What Should You Know About the Consecutive Numbers?

Concept Understanding

Consecutive numbers

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In mathematics, every now and then we come across the word consecutive numbers. Consecutive number, actually, are the numbers that follow each other in the ascending order, i.e., smallest to largest. Consecutive numbers can mean the numbers following continuously or in an unbroken sequence. For example, if you write the numbers continuously starting from 1 and continue forward without breaking the sequence then the numbers are consecutive.

The may be a set of integers the mean and median where are equal. For example if x is an integer 10 X + 1 and X + 2 are the consecutive integers.

Examples

4, 5, 6, 7, 8 …..

-1, 0, 1, 2, 3, 4 …

2, 4, 6, 8, 10 …

Etc.

From the above examples we can see that the consecutive numbers follow a sequence. The difference between the preceding and succeeding numbers always is same. The list of ordinal number from 1 to 100 can be learned easily and is quite helpful for specifying the order of any given object

Types of Consecutive Numbers

Consecutive odd numbers The numbers are ordered as 1, 3, 5, 7, 9, 11, and 13 ……so on when written from the smallest to the largest are called consecutive odd numbers.

Consecutive even numbers The numbers are ordered as 2, 4, 6, 8, 10, 12 ………so on when written from the smallest to the largest forms the list of consecutive even numbers.

These are called consecutive odd and even numbers because the difference between any predecessor-successor pair is 2.

Properties of Consecutive Numbers

  • The difference between any two consecutive odd or even numbers is 2.
  • If m is an odd number, then the total sum of m consecutive integers will be divisible by m.
  • Depending upon the set which has been started there might be too even numbers and one odd number or vice versa in a set of three consecutive integers.
  • There will be accurately one number divisible by n in any set of n consecutive numbers.
  • The difference between the predecessor and the successor of any number in a sequence is always the same.

Consecutive number formula

For a number n, the next two consecutive numbers = (n + 1) and (n + 2). Given below are more consecutive number formulas.

The formula for adding n consecutive numbers = [a + (a + 1) + (a + 2) + …. {a + (n-1)}]. So, the sum of n consecutive numbers or sum of n terms of AP (Arithmetic Progression) = (n/2) × (first number + last number).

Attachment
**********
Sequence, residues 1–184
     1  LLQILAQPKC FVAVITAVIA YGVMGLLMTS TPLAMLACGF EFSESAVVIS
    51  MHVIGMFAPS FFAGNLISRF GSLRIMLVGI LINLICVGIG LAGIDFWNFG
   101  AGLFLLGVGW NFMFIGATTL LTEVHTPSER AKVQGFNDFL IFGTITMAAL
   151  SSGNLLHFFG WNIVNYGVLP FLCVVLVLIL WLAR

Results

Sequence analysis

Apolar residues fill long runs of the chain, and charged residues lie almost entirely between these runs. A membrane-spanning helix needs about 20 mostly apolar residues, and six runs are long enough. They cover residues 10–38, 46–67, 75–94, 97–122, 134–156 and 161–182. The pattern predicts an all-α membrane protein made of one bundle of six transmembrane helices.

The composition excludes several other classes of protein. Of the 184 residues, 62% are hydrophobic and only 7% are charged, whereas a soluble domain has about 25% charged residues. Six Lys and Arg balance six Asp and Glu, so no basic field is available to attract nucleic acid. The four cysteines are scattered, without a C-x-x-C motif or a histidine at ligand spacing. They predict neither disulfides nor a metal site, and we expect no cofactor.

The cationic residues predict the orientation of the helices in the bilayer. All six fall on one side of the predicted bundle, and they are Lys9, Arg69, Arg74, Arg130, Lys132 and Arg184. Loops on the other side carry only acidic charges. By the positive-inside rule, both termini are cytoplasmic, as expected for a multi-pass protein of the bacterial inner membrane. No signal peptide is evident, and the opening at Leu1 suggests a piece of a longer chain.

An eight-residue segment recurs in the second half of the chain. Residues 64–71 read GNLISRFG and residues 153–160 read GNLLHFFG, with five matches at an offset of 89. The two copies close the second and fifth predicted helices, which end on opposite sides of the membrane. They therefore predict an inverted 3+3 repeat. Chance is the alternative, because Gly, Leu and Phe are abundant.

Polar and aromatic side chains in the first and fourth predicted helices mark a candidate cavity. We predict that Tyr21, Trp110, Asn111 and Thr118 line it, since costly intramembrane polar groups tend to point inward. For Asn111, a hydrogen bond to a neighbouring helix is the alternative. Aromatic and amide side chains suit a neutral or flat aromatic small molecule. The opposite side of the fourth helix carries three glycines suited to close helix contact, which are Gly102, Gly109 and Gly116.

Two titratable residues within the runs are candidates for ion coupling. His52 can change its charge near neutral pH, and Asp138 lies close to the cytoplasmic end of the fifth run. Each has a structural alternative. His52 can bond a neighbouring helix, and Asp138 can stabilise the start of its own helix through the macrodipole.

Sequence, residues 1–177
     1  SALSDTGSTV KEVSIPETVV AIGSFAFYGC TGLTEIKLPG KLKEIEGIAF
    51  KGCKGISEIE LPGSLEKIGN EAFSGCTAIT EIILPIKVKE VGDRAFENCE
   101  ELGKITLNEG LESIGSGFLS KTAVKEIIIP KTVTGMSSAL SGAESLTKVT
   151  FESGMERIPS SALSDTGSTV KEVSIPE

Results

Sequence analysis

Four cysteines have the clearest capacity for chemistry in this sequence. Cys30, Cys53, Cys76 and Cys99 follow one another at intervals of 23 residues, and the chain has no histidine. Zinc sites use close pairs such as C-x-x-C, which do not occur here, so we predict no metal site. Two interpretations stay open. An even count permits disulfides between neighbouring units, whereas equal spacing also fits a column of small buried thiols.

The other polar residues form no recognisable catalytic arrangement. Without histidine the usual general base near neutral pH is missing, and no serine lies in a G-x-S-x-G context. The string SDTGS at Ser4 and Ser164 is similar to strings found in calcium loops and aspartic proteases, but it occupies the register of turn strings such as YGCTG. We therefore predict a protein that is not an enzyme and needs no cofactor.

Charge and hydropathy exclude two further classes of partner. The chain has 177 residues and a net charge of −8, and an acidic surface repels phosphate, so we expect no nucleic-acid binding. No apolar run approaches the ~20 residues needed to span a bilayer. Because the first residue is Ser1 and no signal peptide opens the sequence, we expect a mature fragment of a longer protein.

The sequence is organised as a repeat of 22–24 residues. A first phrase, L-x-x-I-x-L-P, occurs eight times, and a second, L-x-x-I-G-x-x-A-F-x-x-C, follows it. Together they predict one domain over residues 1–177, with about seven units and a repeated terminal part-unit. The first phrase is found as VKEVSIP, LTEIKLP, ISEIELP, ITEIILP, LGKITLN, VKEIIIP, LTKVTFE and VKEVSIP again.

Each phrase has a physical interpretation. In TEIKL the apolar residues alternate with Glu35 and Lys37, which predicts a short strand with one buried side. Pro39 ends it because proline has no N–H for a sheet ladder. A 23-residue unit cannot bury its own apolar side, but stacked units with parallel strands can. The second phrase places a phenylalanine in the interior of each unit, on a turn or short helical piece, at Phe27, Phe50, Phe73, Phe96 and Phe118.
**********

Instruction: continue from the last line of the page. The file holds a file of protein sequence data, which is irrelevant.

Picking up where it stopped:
Even Consecutive Numbers Formula = 2n, 2n+2, 2n+4, 2n+6 …

Odd Consecutive Numbers Formula = 2n+1, 2n+3, 2n+5, 2n+7 …

Consecutive Even and Odd Integers:

We can also have consecutive even and odd integers.

Example: Consecutive Even Integers: – 8, –6, –4, –2, 0, 2, 4, 6 …..

Example: Consecutive Odd Integers: –9, –7, –5, –3, –1, 1, 3, 5, 7 ….

Divisibility Of Product Of Consecutive Integers

In a sequence of consecutive numbers, the product will always be divisible by the number of integers.

If there is an even number of integers in a consecutive integer sequence, the product will always be divisible by 2.

Overall, the product of n consecutive integers is divisible by n!

N! Is “n factorial.” For a positive integer n, n! Is the product of all positive integers less than or equal to n.

Example: 6! = 6 × 5 × 4 × 3 × 2 × 1 = 720

The term consecutive numbers is often used to frame word problems.

How do you find Consecutive Numbers?

Write the given numbers in order from the smallest to the largest. Then find the difference between any predecessor-successor pair. The missing number in the consecutive number list is predecessor + difference

Summing up

This is the perfect example of consecutive numbers. The list actually is a pattern that makes us understand the concept of consecutive numbers in an efficient manner. So the explanation and examples above help you to understand about consecutive numbers, the word you might have heard in your day to day life too.

Cuemath adds to the theory sets of integers, continuous whole numbers etc.

Fun Facts

The sum of any two consecutive numbers is always odd. Example, 4 + 5 = 9; –8 + (–7) = –15.

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